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There are times in life when renting is the best choice and while renting can be less troublesome than owning a home, there are some important considerations before signing the bottom line. Not every space is a good space, not every lease is a good lease, and no matter where you rent, there are some questions to ask and steps you should take to protect yourself.

Can you afford the apartment?

Affordability is key to sustainability. The U.S. Census categorizes households that spend more than 30% of their available income on housing to be “burdened” by housing costs. Numbers close to 30% abound in housing-related affordability topics. The Federal Housing Authority, for example, won’t insure home loans in most cases where the total housing costs exceed 31% of gross income.

The 30% Census figure refers to after-tax income and isn’t a fixed rule of the universe. After all, maybe you live in an area where you don’t need a car or can save on other expenses which can give you some flexibility. Housing costs, however, are something to watch closely because once you sign a lease, there’s no easy way to cut back on the expense.

Unpaid rent due to a lost job, choosing a space that was too expensive, or another hardship, can have consequences, ranging from eviction to judgments that linger on your credit report and can affect your ability to borrow, to buy a car or a house, or to rent another apartment.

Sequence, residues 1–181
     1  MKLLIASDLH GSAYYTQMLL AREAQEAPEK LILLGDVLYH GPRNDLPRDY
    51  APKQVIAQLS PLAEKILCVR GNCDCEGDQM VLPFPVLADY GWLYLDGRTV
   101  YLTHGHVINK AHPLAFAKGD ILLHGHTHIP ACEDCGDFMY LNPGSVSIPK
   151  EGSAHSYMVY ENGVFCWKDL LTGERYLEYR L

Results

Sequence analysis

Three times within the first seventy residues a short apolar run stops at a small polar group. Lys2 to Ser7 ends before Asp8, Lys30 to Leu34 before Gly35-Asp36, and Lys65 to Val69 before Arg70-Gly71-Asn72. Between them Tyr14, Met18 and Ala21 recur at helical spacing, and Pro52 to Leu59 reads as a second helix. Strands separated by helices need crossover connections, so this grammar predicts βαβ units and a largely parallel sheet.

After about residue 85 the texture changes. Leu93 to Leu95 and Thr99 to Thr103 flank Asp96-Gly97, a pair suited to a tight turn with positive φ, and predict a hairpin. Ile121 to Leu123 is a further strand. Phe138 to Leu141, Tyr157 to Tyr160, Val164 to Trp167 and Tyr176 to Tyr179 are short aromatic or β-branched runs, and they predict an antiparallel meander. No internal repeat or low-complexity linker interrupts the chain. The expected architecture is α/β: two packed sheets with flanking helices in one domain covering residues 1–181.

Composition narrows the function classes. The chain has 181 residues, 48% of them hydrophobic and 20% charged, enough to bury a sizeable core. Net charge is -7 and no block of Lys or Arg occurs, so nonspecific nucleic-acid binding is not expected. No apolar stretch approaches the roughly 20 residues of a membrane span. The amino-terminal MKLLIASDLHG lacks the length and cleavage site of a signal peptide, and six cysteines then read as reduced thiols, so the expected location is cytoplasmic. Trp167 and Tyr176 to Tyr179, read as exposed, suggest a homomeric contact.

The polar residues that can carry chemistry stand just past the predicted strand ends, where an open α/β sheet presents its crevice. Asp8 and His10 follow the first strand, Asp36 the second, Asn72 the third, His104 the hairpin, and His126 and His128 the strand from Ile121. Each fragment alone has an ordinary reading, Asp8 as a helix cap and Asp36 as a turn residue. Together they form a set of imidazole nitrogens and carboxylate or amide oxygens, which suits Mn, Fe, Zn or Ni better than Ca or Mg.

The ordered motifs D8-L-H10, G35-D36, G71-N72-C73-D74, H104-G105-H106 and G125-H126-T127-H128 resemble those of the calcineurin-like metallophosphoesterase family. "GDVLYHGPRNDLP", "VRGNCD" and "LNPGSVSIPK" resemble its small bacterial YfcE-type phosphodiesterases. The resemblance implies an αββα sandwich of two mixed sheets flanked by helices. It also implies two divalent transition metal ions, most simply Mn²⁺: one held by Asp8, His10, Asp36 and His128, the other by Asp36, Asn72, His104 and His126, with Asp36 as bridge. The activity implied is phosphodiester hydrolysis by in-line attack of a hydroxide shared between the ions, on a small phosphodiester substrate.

A collection for an unpaid rent or for unpaid damages to the apartment, like paint, carpet, or drywall damage, can stay on your credit report for seven and a half years from the date of delinquency. A collection on your credit history can drop your credit score by up to 100 points.

Will the location add to your expenses?

Rents can be prohibitively high in some areas, forcing some people further away from their jobs or workplaces and adding commuting time. Some who work in high-rent areas like New York, San Francisco, Los Angeles, Atlanta, and other major metro areas are sometimes commuting more than ninety minutes to work each day. While these “super commutes” are in the minority, where you choose to live has a cost effect on commuting cost (and time) and may also require additional travel for other services, like shopping, gyms, entertainment, etc.

If the cost of rent is lower in a given area but the commuting costs will be higher, you’ll need to adjust your budget and analyze the big picture for affordability. Saving $250 per month on rent but adding $200 per month in commuting costs may not be a savings significant enough to compensate the lost time. On the other hand, maybe you enjoy one area over another and when it comes to where we live, that’s an important quality-of-life consideration.

Is the space more than you need? Not enough?

The average college dorm is about 230 square feet and houses two people — but most people can’t wait to get out of the tight quarters and get a bit more elbow room. A studio apartment ranges between 250 square feet and 500 square feet. A one bedroom apartment ranges from the size of a large studio up to about 900 square feet.